This kind of sticking technique could be crucial for getting ahold of unruly space trash. Much of this junk includes out-of-commission satellites or rocket parts that have run out of fuel, all moving at thousands of miles per hour in orbit. These objects are often spinning or moving erratically, and their surfaces can be relatively smooth and hard to grasp. But the gecko gripper, described today in Science Robotics, doesn’t need a handle to grab — any surface will do. “It’s a new way to handle these non cooperative pieces of garbage,” Aaron Parness, a robotics engineer at NASA’s Jet Propulsion Laboratory who helped create the technology, tells The Verge.

A trashy orbit

Space debris threatens future space travel. Hundreds of thousands of pieces of abandoned space hardware zoom around the planet. That makes Earth orbit very crowded, and it clogs up valuable real estate. For instance, areas over major cities are prime places to put communications satellites. “But if there’s a piece of garbage in that position, it’s a very expensive piece of garbage there,” says Parness.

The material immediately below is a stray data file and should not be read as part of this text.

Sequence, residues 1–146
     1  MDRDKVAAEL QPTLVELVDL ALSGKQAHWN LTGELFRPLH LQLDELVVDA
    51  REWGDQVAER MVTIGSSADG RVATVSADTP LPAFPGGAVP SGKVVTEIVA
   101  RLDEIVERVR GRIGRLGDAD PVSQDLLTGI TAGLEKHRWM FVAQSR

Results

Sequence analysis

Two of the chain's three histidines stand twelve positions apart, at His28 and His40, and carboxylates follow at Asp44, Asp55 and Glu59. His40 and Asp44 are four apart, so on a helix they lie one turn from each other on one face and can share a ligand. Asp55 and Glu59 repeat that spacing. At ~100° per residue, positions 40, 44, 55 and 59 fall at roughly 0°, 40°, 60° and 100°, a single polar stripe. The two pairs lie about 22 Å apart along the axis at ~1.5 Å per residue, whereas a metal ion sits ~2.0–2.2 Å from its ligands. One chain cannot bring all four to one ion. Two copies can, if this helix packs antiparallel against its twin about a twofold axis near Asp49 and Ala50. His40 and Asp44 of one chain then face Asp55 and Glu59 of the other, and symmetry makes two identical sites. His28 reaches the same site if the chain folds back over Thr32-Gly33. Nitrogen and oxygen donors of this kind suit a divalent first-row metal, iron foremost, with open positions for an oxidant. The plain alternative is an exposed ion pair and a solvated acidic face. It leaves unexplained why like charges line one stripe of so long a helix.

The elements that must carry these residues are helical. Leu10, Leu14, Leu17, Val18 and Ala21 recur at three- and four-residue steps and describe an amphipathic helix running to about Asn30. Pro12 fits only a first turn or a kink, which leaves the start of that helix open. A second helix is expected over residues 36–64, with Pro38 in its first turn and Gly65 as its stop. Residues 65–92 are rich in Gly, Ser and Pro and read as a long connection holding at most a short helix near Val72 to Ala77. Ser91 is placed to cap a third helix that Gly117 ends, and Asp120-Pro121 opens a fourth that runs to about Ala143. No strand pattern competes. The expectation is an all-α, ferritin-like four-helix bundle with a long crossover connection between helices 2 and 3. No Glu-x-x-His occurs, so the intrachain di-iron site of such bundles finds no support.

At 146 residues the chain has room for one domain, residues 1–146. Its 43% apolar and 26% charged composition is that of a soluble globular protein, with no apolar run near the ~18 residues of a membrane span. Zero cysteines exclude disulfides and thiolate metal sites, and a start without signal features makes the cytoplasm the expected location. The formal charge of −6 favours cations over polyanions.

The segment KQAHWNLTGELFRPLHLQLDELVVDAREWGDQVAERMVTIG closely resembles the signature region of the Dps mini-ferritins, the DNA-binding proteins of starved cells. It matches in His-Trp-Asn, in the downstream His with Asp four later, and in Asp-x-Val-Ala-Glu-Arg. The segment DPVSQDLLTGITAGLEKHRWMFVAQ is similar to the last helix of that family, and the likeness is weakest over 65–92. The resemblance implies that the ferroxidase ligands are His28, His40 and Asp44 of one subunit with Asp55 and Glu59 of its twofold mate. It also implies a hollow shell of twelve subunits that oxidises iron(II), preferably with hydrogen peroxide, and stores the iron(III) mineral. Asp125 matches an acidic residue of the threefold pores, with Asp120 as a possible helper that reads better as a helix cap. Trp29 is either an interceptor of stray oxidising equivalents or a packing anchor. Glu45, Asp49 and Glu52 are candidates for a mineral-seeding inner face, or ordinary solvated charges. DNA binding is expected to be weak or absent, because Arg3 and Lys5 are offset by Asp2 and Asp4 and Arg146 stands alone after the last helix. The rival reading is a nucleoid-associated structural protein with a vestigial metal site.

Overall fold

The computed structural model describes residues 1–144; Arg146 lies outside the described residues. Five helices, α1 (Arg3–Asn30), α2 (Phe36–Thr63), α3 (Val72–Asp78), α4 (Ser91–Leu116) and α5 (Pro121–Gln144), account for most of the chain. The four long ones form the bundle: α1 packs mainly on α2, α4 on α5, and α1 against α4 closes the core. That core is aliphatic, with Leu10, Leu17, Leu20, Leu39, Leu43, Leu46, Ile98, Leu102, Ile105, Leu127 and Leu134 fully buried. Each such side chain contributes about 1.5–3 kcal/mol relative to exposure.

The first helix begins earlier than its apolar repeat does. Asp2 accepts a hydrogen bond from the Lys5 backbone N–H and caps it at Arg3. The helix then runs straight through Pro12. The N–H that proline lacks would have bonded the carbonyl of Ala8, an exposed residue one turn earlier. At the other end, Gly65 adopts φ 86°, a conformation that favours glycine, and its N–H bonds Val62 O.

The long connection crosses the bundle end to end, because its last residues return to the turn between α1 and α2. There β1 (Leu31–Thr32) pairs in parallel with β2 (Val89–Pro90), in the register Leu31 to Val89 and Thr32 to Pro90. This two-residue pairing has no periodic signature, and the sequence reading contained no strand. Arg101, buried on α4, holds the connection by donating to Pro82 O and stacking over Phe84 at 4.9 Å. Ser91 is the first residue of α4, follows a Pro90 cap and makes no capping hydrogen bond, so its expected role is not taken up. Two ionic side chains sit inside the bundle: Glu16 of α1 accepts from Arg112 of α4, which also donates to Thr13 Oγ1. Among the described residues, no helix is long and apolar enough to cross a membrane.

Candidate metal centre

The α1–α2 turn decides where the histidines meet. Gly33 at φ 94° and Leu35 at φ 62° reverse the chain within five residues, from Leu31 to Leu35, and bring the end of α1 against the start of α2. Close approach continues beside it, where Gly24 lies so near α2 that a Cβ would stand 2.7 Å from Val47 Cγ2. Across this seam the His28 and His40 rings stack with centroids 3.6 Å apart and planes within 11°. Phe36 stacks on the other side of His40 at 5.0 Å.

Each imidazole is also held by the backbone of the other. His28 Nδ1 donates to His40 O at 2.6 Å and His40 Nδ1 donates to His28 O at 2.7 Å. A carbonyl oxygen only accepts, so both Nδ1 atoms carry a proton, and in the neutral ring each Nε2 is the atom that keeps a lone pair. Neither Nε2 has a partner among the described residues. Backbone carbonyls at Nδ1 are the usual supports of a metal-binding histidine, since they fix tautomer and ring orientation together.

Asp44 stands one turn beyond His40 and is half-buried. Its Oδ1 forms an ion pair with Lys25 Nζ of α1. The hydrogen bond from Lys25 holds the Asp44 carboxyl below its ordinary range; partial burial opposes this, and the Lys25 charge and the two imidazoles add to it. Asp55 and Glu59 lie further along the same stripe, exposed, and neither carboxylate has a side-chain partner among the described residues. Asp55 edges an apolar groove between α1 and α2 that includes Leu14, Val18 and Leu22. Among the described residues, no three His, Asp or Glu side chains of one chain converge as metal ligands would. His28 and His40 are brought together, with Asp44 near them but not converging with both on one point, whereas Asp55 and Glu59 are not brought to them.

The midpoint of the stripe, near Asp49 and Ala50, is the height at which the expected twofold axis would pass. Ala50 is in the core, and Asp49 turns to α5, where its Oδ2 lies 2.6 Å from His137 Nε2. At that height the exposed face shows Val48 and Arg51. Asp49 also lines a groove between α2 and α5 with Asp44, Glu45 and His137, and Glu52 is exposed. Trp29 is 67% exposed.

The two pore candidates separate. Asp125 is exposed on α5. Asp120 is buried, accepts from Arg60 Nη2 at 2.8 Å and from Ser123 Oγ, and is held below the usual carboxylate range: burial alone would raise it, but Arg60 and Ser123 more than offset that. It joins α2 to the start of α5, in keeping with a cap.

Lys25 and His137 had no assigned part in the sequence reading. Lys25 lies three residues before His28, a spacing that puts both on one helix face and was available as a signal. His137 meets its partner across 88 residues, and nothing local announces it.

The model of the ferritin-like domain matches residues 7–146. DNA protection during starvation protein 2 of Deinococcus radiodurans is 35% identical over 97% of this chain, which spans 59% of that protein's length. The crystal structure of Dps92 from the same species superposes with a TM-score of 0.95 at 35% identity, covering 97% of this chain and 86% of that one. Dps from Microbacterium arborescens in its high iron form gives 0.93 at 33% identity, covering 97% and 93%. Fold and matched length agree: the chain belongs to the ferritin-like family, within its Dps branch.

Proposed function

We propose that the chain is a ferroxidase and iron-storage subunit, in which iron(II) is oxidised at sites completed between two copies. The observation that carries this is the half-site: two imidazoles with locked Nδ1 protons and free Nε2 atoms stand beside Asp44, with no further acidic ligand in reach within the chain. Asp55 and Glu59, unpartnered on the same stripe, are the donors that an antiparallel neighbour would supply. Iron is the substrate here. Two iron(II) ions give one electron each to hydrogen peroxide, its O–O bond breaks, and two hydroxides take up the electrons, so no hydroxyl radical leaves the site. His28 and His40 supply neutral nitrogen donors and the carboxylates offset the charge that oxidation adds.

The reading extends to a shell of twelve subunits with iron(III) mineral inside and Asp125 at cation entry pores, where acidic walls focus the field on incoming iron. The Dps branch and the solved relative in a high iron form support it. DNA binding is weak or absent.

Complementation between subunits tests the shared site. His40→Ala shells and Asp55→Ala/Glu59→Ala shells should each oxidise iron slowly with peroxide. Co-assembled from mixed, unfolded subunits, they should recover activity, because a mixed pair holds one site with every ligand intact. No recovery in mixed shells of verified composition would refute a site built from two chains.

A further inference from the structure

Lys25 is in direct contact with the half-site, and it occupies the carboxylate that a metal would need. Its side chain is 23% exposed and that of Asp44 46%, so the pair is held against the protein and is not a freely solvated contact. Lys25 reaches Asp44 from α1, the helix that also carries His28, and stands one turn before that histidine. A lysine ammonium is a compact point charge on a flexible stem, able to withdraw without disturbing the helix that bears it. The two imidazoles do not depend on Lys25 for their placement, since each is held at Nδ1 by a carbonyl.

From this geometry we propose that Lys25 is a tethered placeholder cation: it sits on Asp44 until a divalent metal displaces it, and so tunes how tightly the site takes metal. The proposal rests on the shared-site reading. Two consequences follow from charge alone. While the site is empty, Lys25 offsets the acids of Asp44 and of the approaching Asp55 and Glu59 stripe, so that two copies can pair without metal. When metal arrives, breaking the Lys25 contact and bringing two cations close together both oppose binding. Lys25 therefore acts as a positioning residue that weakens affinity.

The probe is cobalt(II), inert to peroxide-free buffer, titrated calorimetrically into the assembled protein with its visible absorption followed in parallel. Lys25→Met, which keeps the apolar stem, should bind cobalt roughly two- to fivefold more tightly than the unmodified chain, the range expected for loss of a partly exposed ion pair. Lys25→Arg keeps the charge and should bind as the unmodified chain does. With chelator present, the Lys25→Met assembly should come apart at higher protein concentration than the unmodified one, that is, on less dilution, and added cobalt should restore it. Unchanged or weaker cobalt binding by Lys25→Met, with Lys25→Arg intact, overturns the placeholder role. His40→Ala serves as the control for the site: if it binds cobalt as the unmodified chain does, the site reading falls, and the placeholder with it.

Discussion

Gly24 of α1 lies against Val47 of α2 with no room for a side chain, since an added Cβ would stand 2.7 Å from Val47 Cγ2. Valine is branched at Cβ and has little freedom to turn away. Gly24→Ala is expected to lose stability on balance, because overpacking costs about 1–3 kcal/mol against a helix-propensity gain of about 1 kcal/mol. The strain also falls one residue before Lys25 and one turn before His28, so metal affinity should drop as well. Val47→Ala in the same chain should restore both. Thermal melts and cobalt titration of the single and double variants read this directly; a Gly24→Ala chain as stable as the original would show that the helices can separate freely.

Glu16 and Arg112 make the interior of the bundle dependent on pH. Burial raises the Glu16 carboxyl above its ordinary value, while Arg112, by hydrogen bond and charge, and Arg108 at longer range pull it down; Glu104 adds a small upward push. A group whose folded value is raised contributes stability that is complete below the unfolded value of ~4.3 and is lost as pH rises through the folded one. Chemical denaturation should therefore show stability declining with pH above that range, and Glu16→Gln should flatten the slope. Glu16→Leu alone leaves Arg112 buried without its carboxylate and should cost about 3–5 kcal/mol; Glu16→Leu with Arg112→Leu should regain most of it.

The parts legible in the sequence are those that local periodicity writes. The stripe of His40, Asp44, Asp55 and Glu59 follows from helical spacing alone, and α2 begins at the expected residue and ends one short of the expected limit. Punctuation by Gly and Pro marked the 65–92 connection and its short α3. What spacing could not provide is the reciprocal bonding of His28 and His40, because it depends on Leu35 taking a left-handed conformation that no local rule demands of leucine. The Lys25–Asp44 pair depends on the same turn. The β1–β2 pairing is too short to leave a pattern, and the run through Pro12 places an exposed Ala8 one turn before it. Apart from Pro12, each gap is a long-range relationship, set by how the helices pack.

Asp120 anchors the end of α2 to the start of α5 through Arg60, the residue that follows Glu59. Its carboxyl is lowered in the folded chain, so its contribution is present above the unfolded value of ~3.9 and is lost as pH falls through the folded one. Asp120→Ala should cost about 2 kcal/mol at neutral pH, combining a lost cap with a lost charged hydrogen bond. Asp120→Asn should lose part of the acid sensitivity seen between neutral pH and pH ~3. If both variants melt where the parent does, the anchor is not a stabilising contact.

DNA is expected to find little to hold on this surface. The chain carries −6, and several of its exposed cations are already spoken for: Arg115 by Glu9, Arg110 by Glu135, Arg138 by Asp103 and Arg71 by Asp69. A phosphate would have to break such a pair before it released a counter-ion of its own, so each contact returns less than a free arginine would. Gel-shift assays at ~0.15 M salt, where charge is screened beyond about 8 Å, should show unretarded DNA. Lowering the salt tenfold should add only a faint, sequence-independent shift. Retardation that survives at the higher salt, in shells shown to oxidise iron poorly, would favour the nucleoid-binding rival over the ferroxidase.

Space trash is dangerous, too. Every now and then, the International Space Station has to change its position in orbit to avoid collisions with debris. But as the amount of junk grows, the probability of in-space collisions increases, and that leads to even more debris. That happened in 2009, when a Soviet-era satellite collided with one owned by the US company Iridium, creating thousands of pieces of debris. If enough of these collisions occur, eventually Earth orbit will be filled with so much junk that we won’t be able to safely go into space anymore.